“I am committed and the City of Orlando is committed to working to ensure that every person who lives here feels equally protected, equally valued and has equal access to opportunity. But I also know that this can only be achieved if we remove barriers and center the experiences of people who have been historically marginalized. Thank you for your partnership in those efforts, your leadership and the role that you play in making our community a better place for all who call Orlando home.” – Orlando Mayor John Dyer
The Orlando Police Department (OPD) and the City of Orlando have issued a statement that they have reviewed existing police Use of Force policies as a response to the recent Black Lives Matter protests across the country that were sparked by the killing of George Floyd.
Chief Orlando Rolón provided an update on the OPD’s policies at the recent council meeting and included a list of policy “enhancements and changes” that the force and the City were making.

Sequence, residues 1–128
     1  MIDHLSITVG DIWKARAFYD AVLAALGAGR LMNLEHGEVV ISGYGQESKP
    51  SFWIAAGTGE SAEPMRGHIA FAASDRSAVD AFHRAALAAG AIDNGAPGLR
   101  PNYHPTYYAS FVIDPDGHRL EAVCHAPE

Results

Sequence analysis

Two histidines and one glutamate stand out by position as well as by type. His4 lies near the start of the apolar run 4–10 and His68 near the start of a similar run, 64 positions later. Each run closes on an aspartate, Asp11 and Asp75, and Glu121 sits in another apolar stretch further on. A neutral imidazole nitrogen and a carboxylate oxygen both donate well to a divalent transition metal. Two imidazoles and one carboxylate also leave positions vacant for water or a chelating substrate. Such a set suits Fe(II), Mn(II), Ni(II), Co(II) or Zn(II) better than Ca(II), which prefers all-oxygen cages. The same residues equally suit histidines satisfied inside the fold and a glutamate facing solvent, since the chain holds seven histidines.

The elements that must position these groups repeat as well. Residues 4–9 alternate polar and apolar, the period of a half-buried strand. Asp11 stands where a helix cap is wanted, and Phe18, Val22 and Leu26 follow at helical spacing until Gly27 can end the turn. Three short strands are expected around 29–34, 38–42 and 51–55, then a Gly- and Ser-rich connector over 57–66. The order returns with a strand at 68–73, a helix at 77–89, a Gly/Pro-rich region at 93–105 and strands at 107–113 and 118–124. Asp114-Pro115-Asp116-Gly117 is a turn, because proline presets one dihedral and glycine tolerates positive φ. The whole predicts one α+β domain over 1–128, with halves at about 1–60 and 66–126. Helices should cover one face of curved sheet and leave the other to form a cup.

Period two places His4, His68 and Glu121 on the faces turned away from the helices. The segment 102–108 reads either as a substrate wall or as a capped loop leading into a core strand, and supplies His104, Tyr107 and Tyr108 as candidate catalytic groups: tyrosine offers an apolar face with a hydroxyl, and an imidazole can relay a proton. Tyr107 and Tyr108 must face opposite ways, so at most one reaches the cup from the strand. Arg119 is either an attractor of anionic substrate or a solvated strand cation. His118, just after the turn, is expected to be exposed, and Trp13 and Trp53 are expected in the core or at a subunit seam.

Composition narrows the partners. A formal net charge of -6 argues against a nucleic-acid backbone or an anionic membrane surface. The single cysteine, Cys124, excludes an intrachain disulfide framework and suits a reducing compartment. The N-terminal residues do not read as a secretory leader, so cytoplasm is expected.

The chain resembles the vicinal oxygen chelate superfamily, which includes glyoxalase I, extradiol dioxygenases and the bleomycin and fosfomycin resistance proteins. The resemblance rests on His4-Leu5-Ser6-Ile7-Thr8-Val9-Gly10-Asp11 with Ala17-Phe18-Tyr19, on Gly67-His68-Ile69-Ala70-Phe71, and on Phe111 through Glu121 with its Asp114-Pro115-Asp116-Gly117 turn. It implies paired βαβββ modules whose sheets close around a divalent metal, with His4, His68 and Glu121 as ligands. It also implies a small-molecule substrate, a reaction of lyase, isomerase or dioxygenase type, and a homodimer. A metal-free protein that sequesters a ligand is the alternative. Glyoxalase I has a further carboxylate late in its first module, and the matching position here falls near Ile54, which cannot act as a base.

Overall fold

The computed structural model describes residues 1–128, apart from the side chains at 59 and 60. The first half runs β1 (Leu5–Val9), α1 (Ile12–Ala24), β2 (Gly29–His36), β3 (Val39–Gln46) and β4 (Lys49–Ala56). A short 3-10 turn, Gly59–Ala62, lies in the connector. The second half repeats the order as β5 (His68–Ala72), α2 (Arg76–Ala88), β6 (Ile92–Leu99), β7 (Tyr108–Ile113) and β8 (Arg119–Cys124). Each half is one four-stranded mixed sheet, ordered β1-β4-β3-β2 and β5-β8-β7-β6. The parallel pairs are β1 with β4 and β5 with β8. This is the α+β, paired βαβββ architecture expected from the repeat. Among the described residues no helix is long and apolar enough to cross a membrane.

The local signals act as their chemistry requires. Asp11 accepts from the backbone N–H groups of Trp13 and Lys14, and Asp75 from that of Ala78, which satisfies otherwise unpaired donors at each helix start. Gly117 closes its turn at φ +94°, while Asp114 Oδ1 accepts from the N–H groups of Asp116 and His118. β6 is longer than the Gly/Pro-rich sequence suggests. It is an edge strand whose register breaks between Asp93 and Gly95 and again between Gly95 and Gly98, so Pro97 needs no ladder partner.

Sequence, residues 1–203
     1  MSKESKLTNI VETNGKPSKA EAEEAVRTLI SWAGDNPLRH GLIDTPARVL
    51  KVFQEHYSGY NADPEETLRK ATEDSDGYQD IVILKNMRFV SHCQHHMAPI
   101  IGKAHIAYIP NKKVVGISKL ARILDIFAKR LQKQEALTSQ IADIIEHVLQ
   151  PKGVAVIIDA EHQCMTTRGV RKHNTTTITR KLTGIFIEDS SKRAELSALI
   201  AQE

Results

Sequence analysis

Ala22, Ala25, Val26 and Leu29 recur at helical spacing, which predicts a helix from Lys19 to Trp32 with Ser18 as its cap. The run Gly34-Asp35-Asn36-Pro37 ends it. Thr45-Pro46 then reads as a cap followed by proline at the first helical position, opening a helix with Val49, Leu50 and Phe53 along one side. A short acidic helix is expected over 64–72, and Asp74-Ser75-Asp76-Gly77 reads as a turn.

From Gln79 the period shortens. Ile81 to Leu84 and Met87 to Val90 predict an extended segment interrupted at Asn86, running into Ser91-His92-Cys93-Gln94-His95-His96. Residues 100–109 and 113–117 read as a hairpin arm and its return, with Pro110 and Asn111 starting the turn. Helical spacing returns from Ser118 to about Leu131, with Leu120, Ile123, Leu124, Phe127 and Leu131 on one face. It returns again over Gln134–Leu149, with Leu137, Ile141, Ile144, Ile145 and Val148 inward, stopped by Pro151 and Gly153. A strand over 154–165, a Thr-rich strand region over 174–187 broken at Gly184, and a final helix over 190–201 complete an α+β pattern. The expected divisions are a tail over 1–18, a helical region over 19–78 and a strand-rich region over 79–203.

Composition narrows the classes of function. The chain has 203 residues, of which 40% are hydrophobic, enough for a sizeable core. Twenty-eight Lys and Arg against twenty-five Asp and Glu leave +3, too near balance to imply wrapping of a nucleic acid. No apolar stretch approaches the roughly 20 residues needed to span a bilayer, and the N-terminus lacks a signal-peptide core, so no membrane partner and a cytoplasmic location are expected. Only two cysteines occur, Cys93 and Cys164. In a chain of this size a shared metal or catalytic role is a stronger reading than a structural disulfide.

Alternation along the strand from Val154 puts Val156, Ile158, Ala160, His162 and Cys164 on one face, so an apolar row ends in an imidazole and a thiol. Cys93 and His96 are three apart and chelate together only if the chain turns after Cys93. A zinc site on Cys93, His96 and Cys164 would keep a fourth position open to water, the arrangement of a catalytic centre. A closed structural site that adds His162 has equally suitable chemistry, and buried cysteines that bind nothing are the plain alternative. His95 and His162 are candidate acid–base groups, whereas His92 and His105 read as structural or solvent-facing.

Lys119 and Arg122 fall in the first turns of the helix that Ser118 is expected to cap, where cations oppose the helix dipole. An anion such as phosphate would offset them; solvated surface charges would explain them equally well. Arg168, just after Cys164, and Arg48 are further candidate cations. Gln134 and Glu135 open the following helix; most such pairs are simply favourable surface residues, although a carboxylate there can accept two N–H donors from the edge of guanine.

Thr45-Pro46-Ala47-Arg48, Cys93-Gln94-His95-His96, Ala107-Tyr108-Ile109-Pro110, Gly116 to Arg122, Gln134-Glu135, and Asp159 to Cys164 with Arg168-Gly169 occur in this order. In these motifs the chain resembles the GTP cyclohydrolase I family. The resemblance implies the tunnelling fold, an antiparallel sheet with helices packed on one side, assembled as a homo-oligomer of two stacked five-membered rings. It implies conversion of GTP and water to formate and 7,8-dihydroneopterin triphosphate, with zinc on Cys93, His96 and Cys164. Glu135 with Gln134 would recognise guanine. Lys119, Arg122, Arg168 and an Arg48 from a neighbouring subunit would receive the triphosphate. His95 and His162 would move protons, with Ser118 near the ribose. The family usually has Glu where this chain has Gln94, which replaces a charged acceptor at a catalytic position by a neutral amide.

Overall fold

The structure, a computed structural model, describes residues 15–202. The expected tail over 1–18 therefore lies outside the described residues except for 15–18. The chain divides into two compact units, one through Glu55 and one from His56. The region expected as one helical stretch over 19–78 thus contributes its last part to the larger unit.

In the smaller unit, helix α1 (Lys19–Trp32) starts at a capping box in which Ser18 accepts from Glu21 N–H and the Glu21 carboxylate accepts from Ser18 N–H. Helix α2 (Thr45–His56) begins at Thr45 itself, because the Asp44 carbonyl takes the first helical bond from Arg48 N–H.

At the forefront of these policies is the requirement that officers employ de-escalation tactics to minimize the need to use force during an incident. OPD policies already in place include:
- If it becomes necessary for an officer to apply force, OPD’s policies follow a use of force continuum, meaning that officers should only use the level of force necessary to regain control of a situation.
- If it is necessary for an officer to apply force, and another officer is present, that officer has a “duty to intervene” and either stop or attempt to stop an officer when force is inappropriately used or no longer required.
- An officer should consider all non-lethal options before shooting.
- An officer should never shoot at moving vehicles.
- A supervisor is required to investigate anytime an officer uses force.
The mayor has also directed Chief Rolón to make additional changes to city policies, including:
- Banning the use of chokeholds and neck restraints.
- Requiring officers to issue a verbal warning – when safe and practical – before shooting.
- Prohibiting “no-knock” warrants.
The mayor also issued a statement that the City is looking to partner with mental health agencies to respond to specific calls for service for those experiencing mental health issues, in place of sending police officers.